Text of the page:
Here’s hoping Arwen has a good chemo appointment tomorrow! She is terrified of the vet, so I will spoil her afterwards, though spoiling is just a daily habit in our home with such a sweet pup.

 

55 Days Post Op, 20 Days Into Chemo

No news to report for awhile, and no news is (mostly) good news. Arwen continues to manage on 3 legs well, she has a healthy appetite and she is very happy. We never saw any side effects from her first dose of chemo. Her second dose is scheduled to be administered in 2 days, and her vet said the first dose is usually low as a precaution, so we are nervous about this next dose being higher. Fingers crossed that she continues to have no side effects.

The only bad news is a fatty cyst on Arwen’s tail decided to open up. It is very frustrating to have a dog for 9 years and never have a single wound issue, then as soon as she is diagnosed with osteosarcoma we have to deal with 2 wounds right in a row. Arwen’s vet had warned us that cysts that develop on tails can be a pain in the butt if they open and of course, it has.

Arwen’s first wound on her right side delayed her chemo until it could be stitched and risk of infection was over. The vets have decided that this open wound on her tail will not mess up her chemo schedule for now, as long as we keep on top of it. If it gets infected and/or won’t heal, we may have to lay off chemo for a little bit. But she’s back on antibiotics and we are keeping the wound clean and using a soft cone when we aren’t home to keep Arwen from licking her tail (though I think the antibiotic spray they gave us is acting as a deterrent to licking on its own.)

As annoying as Arwen’s tail wound is for us, she is as happy as ever. We are anxious to keep her life as full as it can be, but are mindful about still limiting her exercise. We are taking her to lots of fun places, but have only allowed her to walk over a mile (1.2 miles) just once. Mostly we do 1/4 mile or 1/2 mile jaunts, then drive her somewhere else new and let her sniff and explore, but not hike. She has a physical therapy appointment next week and we want to be sure she doesn’t overwork her right, front leg.

Her 2 month ampuversary is almost upon us!

 

 

Chemotherapy Day 1

Today was Arwen’s first chemotherapy dose! We have been waiting for this for weeks.  Arwen is 35 days post op, and ideally we wanted to start chemotherapy 2 weeks after her amputation, but had to wait because of the strange wound on her right side. Luckily, that wound has healed great. Keeping T-shirts on Arwen kept her from licking it, and the stitches came out today, as well.

Yesterday, to celebrate her last chemo-free day, we drove Arwen up to the mountain to play in the snow. Arwen has constantly been surprising us with how well she is doing on three legs, and yesterday was no exception. I have been worried about how she would do in the snow. I thought maybe she would slip a lot or lose her balance, but she didn’t at all! She ran around and played and even went through a little deep snow and managed great.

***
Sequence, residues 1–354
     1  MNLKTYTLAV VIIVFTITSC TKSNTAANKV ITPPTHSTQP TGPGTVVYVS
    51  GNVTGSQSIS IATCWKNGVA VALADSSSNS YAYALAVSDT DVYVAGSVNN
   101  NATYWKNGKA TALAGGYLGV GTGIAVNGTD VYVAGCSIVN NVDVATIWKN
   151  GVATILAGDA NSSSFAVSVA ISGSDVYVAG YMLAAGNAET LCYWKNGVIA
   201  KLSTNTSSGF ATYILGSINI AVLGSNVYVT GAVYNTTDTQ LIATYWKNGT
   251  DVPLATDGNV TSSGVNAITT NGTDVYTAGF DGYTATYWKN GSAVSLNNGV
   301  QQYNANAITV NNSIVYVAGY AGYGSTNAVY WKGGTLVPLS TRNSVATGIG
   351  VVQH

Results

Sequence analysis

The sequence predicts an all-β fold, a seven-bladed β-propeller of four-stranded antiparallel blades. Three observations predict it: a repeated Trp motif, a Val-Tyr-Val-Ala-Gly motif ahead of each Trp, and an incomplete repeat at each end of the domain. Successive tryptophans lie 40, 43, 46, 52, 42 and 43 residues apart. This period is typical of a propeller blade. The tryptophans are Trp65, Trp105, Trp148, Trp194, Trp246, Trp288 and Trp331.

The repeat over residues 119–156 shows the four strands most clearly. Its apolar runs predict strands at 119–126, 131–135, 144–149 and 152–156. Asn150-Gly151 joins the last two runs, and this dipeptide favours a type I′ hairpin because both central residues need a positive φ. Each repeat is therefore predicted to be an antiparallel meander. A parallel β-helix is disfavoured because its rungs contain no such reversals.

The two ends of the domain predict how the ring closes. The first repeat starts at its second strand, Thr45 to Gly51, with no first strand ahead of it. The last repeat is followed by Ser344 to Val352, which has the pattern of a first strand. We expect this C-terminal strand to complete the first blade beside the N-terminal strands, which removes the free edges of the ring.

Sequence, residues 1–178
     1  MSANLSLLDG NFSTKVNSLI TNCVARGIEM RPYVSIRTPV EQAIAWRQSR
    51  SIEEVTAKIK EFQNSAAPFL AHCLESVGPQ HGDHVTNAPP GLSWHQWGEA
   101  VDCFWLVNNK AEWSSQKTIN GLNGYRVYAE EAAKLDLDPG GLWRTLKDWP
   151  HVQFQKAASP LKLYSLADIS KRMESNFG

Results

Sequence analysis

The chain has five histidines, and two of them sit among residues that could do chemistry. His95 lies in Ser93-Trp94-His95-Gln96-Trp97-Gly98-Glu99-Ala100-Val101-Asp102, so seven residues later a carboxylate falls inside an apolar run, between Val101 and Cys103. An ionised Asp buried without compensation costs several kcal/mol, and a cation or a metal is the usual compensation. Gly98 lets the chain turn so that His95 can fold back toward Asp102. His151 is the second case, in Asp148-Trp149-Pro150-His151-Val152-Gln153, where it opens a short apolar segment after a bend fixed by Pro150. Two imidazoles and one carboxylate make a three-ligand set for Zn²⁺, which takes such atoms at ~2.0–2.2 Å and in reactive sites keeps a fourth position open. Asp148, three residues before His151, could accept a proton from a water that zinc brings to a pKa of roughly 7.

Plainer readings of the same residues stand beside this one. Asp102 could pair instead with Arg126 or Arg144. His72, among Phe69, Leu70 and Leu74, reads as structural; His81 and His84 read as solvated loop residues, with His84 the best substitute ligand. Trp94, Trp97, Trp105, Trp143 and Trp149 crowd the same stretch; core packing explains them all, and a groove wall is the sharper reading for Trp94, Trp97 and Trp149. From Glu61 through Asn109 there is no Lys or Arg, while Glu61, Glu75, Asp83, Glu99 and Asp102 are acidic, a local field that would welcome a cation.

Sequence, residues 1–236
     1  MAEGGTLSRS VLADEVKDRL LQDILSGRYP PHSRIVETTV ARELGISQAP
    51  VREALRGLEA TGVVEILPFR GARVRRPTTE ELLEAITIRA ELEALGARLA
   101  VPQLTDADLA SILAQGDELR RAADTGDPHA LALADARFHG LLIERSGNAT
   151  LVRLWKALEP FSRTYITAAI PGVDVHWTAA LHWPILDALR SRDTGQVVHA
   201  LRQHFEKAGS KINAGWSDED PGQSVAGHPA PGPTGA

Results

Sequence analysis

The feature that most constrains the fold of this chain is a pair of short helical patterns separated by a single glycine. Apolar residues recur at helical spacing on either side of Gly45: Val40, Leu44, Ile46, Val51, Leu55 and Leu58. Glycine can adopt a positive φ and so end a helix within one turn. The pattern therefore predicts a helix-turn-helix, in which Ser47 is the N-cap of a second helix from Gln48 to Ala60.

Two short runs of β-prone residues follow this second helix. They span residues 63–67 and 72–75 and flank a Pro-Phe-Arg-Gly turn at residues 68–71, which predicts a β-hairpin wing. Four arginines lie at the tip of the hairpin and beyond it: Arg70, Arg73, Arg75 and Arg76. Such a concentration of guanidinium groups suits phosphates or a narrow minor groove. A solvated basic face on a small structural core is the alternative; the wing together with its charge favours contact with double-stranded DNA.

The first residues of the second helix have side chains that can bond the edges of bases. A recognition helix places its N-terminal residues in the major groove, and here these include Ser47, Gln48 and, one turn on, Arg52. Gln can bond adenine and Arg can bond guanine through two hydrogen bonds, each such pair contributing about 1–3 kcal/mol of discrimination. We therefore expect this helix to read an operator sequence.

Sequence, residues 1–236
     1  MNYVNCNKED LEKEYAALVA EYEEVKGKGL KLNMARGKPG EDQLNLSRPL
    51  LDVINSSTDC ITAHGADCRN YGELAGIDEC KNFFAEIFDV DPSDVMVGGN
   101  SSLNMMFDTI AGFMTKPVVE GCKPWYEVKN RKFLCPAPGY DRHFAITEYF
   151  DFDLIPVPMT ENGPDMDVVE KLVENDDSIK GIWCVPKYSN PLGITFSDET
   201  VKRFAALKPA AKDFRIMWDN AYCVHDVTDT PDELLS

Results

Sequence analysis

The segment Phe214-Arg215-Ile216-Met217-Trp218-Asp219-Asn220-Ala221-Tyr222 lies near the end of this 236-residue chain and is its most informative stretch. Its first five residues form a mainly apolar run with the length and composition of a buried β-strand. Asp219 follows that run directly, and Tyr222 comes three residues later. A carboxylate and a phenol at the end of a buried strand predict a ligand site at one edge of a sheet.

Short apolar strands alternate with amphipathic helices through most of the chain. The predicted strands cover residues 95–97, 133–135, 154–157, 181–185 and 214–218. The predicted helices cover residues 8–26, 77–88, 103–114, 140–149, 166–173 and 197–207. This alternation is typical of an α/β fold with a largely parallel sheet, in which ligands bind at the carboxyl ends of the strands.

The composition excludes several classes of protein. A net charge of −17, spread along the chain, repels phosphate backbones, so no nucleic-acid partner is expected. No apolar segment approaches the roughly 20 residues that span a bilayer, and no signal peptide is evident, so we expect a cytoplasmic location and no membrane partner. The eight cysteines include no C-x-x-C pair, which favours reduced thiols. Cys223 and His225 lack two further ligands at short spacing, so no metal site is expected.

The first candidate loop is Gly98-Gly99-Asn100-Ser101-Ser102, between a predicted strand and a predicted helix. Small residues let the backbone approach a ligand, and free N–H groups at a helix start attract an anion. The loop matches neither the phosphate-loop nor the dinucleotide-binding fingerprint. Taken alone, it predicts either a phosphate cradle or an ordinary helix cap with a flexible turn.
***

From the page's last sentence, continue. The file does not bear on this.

Arwen standing in her first snow since her operation

When I picked up Arwen from her chemo appointment, another couple who just had their golden retriever diagnosed with cancer was marveling at how well Arwen was bouncing around as a tripawd. I’m glad she is showing people how quickly pups can adjust to the change.

So Arwen’s chemotherapy schedule is a planned total of 6 doses spread 3 weeks apart, with blood work being done every week in between (the chemo drug is carboplatin). That means Arwen has to go to the vet every week for the next 18 weeks. Arwen has never been a fan of any vet office, but the place she had her amputation surgery she is especially nervous going to now. I feel so bad for her, so I gave her a little bit of cheeseburger in the vet lobby today (my coworkers got Arwen a McDonald’s gift card so I can spoil her with occasional ice cream cones and plain burgers), and will plan to do it every time to try and give her a positive association with the place.

Arwen also had her first physical therapy visit last week. Arwen’s orthopedic doctor recommended it, and the Tripawds foundation has a great set up for helping people with their first visit. The rehab clinic we visited has balance discs and an underwater treadmill, but Arwen hasn’t tried any of those yet. Instead the physical therapist showed us stretches and joint exercises we can do on Arwen legs and hips, and she went over all of Arwen’s bones and joints to make sure all was in good working order (it is). The therapist recommended we add fish oil to Arwen’s diet (we ordered Nutromax Wellactin fish oil and Arwen LOVES it). She also said a carpal/wrist brace for Arwen’s front leg isn’t a bad idea to give her a little added support. We are planning to order one in the coming week.

We are SLOWLY increasing Arwen’s exercise. My husband and I still haven’t taken her further than a half mile, and are still mostly just taking her on walks every other day. We love her so much! We are really hoping she has no side effects from the chemotherapy and can continue being happy.